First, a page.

Can Bearded Dragons Put Their Head Underwater?

Many people are curious as to whether bearded dragons could swim or not. Naturally, one would assume that very large lizards living in hot, scarce conditions in the wild wouldn’t be able to swim or swim very poorly. It makes reasonable that they would suffer in this manner since they only sometimes consume water. Do they, though? You’ll be astonished to learn this.

Do bearded dragons swim, then? Bearded dragons can breathe underwater for a few minutes and can intake air, float on the water, and hold their breath. They are skilled swimmers. A bearded dragon, however, can die if it spends too much time (10–15 minutes) in deep water and is too weary to stay afloat. Even though birdies rarely come across huge bodies of water in their natural habitat, they are surprisingly skilled swimmers!

As we will see in a moment, they have a pretty creative way of keeping their heads above water.

Can bearded dragons go underwater?

Bearded dragons have a longer breath-holding capacity than us. often for a few minutes.  This is something crucial to remember and acts as a good fallback to calm your mind, even though it shouldn’t be tested when your lizard is about to submerge

A beardy may occasionally appear to be dying because of how long they can hold their breath, but they are fine.  For veterinarians who need to sedate dragons before an operation, it can be problematic.

All things considered, it is never a good idea to try to test how long your dragon can hold its breath. Never immerse your bearded dragon, but rest confident that if they must spend some time submerged in water, they will be secure.

Why is my bearded dragon putting his head under the water?

A dragon will frequently sip water with its head under the surface, gulp it down, and then projectile vomit. The behavior of a dragon is commonplace. It might be an indication of anxiety or wrath when someone becomes pale and their beard turns black. She grabbed him must have been a shock to his system.

Similar to when you get water in your ears or nose, they will be alright. For a short while uncomfortable, but they quickly get over it.

Can bearded dragons get their head wet?

In general, bearded dragons who are swimming will submerge their heads when they want to drink. When a bearded dragon dips its head into still water to drink, it’s typical for them to gulp the water down before projectile vomiting it out.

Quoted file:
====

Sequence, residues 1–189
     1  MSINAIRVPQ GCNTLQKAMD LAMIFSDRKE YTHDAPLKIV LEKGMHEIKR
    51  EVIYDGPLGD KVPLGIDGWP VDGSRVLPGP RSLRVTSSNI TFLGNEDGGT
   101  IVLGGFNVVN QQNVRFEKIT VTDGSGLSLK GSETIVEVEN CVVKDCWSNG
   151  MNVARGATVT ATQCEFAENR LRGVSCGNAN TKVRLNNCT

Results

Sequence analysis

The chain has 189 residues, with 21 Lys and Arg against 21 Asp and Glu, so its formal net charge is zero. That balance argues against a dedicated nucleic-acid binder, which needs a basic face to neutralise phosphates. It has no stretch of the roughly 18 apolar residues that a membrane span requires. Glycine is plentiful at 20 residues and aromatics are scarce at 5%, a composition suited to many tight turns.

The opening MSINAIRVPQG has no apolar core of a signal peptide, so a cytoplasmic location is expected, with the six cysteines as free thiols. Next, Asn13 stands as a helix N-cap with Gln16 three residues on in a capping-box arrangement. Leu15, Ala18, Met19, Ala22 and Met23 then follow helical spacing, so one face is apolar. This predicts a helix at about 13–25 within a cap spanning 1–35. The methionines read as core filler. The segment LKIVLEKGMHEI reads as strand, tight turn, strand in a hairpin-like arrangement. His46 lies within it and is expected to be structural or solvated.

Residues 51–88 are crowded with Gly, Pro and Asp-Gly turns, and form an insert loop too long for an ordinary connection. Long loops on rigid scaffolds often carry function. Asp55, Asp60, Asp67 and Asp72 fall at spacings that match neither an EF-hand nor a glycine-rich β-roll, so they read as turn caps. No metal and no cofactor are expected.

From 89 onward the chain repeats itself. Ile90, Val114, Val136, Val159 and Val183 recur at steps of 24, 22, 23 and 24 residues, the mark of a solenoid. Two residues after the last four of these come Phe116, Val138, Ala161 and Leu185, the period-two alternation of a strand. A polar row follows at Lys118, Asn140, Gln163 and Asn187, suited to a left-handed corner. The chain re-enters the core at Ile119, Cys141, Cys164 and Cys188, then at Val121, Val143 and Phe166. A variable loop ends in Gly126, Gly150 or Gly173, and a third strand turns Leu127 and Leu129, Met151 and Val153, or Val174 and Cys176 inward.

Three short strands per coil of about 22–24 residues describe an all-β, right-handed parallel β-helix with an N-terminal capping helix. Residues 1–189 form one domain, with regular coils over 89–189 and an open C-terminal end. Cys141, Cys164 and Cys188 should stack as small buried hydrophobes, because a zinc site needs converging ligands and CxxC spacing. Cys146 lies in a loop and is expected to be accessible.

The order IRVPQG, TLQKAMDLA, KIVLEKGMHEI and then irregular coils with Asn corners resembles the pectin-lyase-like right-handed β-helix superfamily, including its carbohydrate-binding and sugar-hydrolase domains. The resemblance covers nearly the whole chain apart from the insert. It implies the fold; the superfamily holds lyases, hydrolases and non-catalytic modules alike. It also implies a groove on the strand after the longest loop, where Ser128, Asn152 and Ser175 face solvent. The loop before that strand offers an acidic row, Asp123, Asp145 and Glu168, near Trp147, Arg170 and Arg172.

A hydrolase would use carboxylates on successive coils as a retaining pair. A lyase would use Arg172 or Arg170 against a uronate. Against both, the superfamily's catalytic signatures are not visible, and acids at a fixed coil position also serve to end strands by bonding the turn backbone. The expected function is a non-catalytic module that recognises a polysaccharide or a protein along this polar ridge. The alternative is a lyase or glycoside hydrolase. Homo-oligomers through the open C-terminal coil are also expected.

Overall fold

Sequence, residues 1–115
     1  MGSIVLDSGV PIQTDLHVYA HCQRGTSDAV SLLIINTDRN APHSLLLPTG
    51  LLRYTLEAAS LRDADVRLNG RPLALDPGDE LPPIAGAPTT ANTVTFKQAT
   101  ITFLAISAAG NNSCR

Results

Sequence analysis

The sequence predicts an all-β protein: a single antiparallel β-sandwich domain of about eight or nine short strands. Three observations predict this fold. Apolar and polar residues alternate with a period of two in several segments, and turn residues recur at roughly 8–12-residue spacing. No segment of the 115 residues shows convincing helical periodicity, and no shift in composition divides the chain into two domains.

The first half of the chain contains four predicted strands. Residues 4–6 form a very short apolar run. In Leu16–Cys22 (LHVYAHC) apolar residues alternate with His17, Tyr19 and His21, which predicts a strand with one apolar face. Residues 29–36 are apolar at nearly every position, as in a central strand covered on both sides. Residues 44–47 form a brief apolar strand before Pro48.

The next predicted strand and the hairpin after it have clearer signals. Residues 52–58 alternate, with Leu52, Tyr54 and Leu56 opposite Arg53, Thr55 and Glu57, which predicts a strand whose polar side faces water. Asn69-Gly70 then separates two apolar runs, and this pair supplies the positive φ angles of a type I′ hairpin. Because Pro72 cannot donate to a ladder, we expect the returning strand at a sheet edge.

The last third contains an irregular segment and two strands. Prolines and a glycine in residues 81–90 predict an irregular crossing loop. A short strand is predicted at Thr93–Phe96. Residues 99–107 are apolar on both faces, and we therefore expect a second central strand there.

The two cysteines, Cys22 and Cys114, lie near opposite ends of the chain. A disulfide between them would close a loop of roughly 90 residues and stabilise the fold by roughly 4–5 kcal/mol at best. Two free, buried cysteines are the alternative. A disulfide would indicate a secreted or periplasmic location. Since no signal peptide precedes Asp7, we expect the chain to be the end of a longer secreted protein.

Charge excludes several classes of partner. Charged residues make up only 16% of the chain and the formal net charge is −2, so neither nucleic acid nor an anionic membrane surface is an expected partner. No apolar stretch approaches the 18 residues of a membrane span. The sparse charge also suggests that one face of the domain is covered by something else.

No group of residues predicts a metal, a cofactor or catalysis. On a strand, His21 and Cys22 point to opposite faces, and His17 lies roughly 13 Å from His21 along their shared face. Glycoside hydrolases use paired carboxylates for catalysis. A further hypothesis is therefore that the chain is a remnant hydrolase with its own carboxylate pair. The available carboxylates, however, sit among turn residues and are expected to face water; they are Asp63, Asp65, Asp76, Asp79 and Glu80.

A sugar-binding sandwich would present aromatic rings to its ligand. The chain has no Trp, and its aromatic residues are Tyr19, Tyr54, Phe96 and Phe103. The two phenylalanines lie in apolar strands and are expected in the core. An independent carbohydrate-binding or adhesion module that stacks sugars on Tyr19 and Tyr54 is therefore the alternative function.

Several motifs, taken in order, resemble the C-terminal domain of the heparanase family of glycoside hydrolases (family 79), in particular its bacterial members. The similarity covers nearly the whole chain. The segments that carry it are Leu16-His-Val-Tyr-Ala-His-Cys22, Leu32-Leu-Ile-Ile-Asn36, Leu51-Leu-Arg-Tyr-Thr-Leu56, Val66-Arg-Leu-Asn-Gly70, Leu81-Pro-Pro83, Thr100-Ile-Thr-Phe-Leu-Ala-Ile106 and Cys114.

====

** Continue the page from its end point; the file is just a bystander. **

This is a behavior that bearded dragons frequently exhibit. Simply watch them closely to make sure they don’t get any liquid in their ear or nose. Bearded dragons can become pale or develop black in the beard as a sign of anger or terror, respectively. You should now direct your bearded dragon downward to allow any extra water to drain at this stage. The temperature should be between 105 and 110 F (40 and 43 C) to raise the bearded dragon’s body temperature to the proper range. Ensure that the bearded dragon has warmed up beneath the basking light.

Can bearded dragons put their ears under water?

Bearded dragon put their whole head containing their ears underwater. They love to go deep into the Water so, you need to be very careful about them. Compared to people, bearded dragons can hold their breath for longer. Typically for short periods. When your beard dragon is swimming underwater, keep this in mind. It also serves as a great backup plan to help you unwind in case things don’t go as planned.

It can also be challenging for vets who have to put bearded dragons to sleep before operating on them. Even with all of this in mind, you shouldn’t ever test your bearded dragon’s ability to hold its breath for an extended period. Never submerge bearded dragons. You may be confident that they will be secure even if they must remain submerged for a long period, though. 

Bearded dragons are thought to be surprisingly good swimmers, even though they are not known for diving underwater and rarely encounter bodies of water in their natural habitat. A bearded dragon can breathe underwater for an extended period and to float on the surface of the water.